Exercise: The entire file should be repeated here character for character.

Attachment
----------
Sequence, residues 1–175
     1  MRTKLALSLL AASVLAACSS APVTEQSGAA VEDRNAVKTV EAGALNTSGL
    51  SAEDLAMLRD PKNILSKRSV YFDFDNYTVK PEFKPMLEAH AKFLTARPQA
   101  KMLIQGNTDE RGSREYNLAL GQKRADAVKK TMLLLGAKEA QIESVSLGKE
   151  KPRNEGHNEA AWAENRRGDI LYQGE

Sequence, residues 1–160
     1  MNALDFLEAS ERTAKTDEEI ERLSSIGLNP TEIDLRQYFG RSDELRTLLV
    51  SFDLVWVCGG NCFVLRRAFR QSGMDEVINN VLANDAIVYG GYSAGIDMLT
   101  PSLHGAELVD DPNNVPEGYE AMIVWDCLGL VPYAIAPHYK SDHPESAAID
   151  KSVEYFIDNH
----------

Sequence, residues 1–175
     1  MRTKLALSLL AASVLAACSS APVTEQSGAA VEDRNAVKTV EAGALNTSGL
    51  SAEDLAMLRD PKNILSKRSV YFDFDNYTVK PEFKPMLEAH AKFLTARPQA
   101  KMLIQGNTDE RGSREYNLAL GQKRADAVKK TMLLLGAKEA QIESVSLGKE
   151  KPRNEGHNEA AWAENRRGDI LYQGE

Sequence, residues 1–160
     1  MNALDFLEAS ERTAKTDEEI ERLSSIGLNP TEIDLRQYFG RSDELRTLLV
    51  SFDLVWVCGG NCFVLRRAFR QSGMDEVINN VLANDAIVYG GYSAGIDMLT
   101  PSLHGAELVD DPNNVPEGYE AMIVWDCLGL VPYAIAPHYK SDHPESAAID
   151  KSVEYFIDNH